Mme. L. Amic: What constraints?
Mr. Eames: The sum of all constraints. Here is one of the few effective keys
to the Design problem: The ability of the Designer to recognize as many of the
constraints as possible. His willingness and enthusiasm for working within these
constraints- constraints of price, of size, of strength, of balance, of surface,
of time, and so forth. Each problem has its own peculiar list.
Mme. L. Amic: Does Design obey laws?
Mr. Eames: Arent constraints enough?
Mme. L. Amic: Are there tendencies
and schools in Design?
Mr. Eames: Yes, but these are more a measure of human limitations than of ideals.
Mme. L. Amic: Is Design ephemeral?
Mr. Eames: Some needs are ephemeral. Most Designs are ephemeral.
Mme. L. Amic: Ought Design to tend
towards the ephemeral or towards permanence?
Mr. Eames: Those needs and Designs that have a more universal quality tend toward
Mme. L. Amic: How would you define
yourself with respect to a decorator? an interior architect? a stylist?
Mr. Eames: I wouldnt.
Mme. L. Amic: To
whom does Design address itself: to the greatest number? to the specialists
or the enlightened amateur? to a privileged social class?
Mr. Eames: Design addresses itself to the need.
Mme. L. Amic: After having answered
all these questions, do you feel you have been able to practice the profession
of Design under satisfactory conditions, or even optimum conditions?
Mr. Eames: Yes.
Mme. L. Amic: Have you been forced
to accept compromises?
Mr. Eames: I dont remember ever being forced to accept compromises, but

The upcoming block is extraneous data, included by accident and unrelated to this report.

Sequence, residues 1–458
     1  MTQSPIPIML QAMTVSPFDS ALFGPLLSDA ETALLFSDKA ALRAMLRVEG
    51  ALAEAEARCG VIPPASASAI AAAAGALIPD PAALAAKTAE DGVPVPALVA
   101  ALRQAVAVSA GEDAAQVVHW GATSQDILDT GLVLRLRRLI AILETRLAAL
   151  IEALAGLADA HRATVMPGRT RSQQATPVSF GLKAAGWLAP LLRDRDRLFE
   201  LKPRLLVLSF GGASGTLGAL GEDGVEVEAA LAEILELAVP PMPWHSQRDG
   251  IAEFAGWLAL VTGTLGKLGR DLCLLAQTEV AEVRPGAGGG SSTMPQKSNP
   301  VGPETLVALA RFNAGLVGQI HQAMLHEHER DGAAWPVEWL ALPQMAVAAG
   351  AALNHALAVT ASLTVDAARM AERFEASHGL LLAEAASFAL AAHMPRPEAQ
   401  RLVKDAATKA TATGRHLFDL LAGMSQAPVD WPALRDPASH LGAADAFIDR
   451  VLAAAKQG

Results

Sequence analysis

I have willingly accepted constraints.
Mme. L. Amic: What
do you feel is the primary condition for the practice of Design and for its
Mr. Eames: The recognition of need.
Mme. L. Amic: What is the future
.... (no answer, perhaps Eames already
dit it when saying The recognition of need... which, after all,
it is also the past and the present...)
Charles Eames and Marshall McLuhan
On a very broad sense, what McLuhan
did was to discuss the design technology used in communication, specially the
printed technology and the technology that later brought us TV and Internet,
IPhone, Ipad, etc., which is a combination of computer, satellites and the telephone.
Charles Eames and his wife Ray became more known for their furniture design,
specially chairs, although their remarkable contribution to modern architecture,
industrial and graphic design, fine arts and film. In our case, we are specially
concerned with their special ability to approache desighn, specially at communicate
in exhibitions such as:
Textiles and Ornamental Arts of India
Glimpses of the USA (seven screens for the American exhibition in Moscow, Sokoolniki
Mathematica: A World of Numbers... and Beyond (for IBM, 1961)
IBM Pavilion at the 1964/1965 New York World's Fair
Nehru: The man and his India (1965)
The World of Franklin and Jefferson (1975) built for the US Bicentennial Commission,
opened in Paris, traveled to five other countries and the US.
Using their concepts and treatment
of the selected subjects above, I applied them (with McLuhan and communication
concepts) as much as I could and was able to do in this job about James Joyce.